Those days are gone.

Bill and I are in the middle three seats of the plane and Bill strikes up a conversation with the woman on his other side. After a while I find Bill bending down trying to reach something that remains out of his grasp. But he’s bumping into the seat in front of him as well as the one in front of me, and I’m concerned he’ll annoy the people in those seats, so I pull him back, ask what he’s looking for, and tell him I’ll get it.

But really, it’s impossible. You can’t bend, fold, or contort yourself into any shape that will allow you to get anything once it’s dropped to the floor – there is simply no room whatsoever in which to maneuver. Bill said the woman he was conversing with had knocked over her cup of water and he became obsessed with finding that clear, plastic cup. Why? Even he couldn’t explain. He gave it up, for a while, but after we’d eaten, he started obsessing again and at last finding it was still unable to pick it up, so I unbuckled my seatbelt, stooped down in the aisle, and retrieved it myself just to get him to stop this. When I asked why he was so obsessed with it, he couldn’t tell me, at which point we both started laughing at how ridiculous this scene was.

Anything to break the monotony.

I thought I’d watch a movie – which shouldn’t have been a problem. But the guy in front of me wanted to sleep, and what’s the first thing we do so we can sleep? Right. Put the seat back. He pushed his back so hard I thought it was going to break, and he still wasn’t satisfied. When his seat wouldn’t recline any further, he pushed harder. I thought it would break and I’d find him staring up into my baby blues for the next 4000 miles. Seriously.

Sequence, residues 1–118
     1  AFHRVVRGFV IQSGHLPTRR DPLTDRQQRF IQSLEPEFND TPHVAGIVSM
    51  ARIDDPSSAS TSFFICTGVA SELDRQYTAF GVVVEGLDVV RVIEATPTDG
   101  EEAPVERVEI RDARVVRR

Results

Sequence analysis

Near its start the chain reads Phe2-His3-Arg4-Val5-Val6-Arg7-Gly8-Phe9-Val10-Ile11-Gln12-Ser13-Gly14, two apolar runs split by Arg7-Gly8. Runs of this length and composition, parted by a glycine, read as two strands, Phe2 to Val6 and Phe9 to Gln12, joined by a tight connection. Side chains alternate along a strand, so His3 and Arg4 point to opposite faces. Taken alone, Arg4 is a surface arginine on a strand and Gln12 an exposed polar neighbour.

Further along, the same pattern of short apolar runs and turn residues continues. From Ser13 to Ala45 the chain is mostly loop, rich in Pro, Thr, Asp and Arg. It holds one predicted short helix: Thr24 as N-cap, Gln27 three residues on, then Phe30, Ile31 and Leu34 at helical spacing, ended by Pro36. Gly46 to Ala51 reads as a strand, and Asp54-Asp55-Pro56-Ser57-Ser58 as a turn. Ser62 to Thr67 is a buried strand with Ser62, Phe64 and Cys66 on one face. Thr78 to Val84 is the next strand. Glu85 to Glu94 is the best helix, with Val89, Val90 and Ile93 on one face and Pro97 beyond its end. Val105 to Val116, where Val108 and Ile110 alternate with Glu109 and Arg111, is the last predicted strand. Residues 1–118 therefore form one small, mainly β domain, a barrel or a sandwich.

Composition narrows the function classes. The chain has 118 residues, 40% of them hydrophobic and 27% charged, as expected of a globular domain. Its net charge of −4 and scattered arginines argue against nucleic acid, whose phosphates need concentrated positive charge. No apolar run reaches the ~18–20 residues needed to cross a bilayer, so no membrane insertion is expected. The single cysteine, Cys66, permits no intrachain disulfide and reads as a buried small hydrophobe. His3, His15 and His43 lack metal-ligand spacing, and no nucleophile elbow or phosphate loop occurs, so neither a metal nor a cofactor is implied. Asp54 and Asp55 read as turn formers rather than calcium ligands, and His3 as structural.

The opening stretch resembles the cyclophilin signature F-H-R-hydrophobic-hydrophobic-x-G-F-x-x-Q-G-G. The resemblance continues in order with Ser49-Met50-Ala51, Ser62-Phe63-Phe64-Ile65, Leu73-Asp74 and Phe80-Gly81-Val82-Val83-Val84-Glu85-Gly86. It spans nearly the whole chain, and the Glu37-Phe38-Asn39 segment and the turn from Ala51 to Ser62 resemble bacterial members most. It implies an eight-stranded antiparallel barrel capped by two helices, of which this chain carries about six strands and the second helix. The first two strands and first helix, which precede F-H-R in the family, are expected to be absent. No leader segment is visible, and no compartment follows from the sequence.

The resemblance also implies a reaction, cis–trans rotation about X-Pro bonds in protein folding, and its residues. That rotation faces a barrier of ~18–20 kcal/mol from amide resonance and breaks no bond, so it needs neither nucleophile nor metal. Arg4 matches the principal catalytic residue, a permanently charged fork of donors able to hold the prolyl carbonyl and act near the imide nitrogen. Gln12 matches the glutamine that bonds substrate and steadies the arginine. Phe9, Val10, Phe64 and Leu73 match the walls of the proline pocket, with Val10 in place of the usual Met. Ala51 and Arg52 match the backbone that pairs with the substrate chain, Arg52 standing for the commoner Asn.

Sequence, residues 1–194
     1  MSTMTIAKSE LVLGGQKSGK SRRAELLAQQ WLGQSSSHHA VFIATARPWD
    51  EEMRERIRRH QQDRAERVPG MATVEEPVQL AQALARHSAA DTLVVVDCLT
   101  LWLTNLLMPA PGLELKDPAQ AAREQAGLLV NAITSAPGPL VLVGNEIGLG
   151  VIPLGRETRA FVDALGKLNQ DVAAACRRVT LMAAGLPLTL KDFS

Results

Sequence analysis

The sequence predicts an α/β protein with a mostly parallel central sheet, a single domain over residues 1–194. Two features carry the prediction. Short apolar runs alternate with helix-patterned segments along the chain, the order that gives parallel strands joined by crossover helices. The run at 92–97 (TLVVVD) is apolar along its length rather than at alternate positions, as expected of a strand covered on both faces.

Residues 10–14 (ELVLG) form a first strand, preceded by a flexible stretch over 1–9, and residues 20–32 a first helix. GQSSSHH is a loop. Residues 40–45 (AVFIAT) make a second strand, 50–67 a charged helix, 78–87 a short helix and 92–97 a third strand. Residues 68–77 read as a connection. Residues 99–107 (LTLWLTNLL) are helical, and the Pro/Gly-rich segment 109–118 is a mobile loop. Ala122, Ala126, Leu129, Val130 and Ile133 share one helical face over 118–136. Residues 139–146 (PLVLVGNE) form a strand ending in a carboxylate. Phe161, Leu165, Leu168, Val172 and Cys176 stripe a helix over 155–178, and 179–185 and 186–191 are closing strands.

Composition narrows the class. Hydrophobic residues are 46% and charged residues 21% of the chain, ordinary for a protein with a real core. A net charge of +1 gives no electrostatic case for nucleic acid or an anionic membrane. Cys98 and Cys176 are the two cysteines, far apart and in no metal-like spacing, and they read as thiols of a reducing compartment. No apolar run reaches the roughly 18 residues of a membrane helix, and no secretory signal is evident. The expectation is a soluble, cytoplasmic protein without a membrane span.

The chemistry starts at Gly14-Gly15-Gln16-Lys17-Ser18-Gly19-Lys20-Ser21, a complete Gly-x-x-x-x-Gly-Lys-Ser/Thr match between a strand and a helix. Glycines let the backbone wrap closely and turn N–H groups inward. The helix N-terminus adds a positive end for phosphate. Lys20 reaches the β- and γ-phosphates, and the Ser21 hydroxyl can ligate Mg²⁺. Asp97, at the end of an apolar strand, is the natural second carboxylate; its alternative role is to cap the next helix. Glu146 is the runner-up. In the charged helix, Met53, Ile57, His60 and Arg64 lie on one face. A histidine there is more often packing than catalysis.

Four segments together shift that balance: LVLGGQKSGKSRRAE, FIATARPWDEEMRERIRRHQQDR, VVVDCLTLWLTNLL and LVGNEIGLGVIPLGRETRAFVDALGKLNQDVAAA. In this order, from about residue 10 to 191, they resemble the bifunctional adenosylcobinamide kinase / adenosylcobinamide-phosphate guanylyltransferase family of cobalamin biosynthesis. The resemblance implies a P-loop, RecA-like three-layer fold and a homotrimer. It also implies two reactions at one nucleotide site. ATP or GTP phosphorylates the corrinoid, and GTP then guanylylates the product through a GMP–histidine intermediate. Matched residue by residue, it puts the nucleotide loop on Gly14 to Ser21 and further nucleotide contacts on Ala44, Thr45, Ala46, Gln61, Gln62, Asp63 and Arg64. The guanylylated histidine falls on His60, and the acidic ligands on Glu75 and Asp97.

This is what the airlines do now. Take away as much of your personal space as possible by allowing the seatbacks to go farther back than before, and with the reduced space between you and the seat in front of you, his/her seat comes within inches of your face as it angles downward. Guess what else angles downward. Right. The viewing screen.


On the way back from Amsterdam, Bill’s reading light didn’t work and he was unable to read for entire trip back to Chicago. In addition, the arm rest on his aisle seat would not raise, requiring both of us to bend ourselves into “S” shapes getting into or out of the seat due to the minimal space available in all directions. When Bill asked about the light, the steward said someone had complained about the light for this same seat on the incoming flight to Amsterdam, too. He steward advised that on the Boeing 777 there are circuit breakers that can be adjusted but the 767, in which we were flying, doesn’t have them available to the cabin staff. He told Bill he would put it in his report and that he was sorry but they couldn’t move us because there were no unused seats. As for the armrest, only some seats can be raised because “the airline won’t pay for all of the armrests to have that capability. They don’t want to pay the extra money for all of them to work.”

These kinds of things make people testy. Particularly on long flights.

In some ways planes are safer, but in others they’re more dangerous than ever.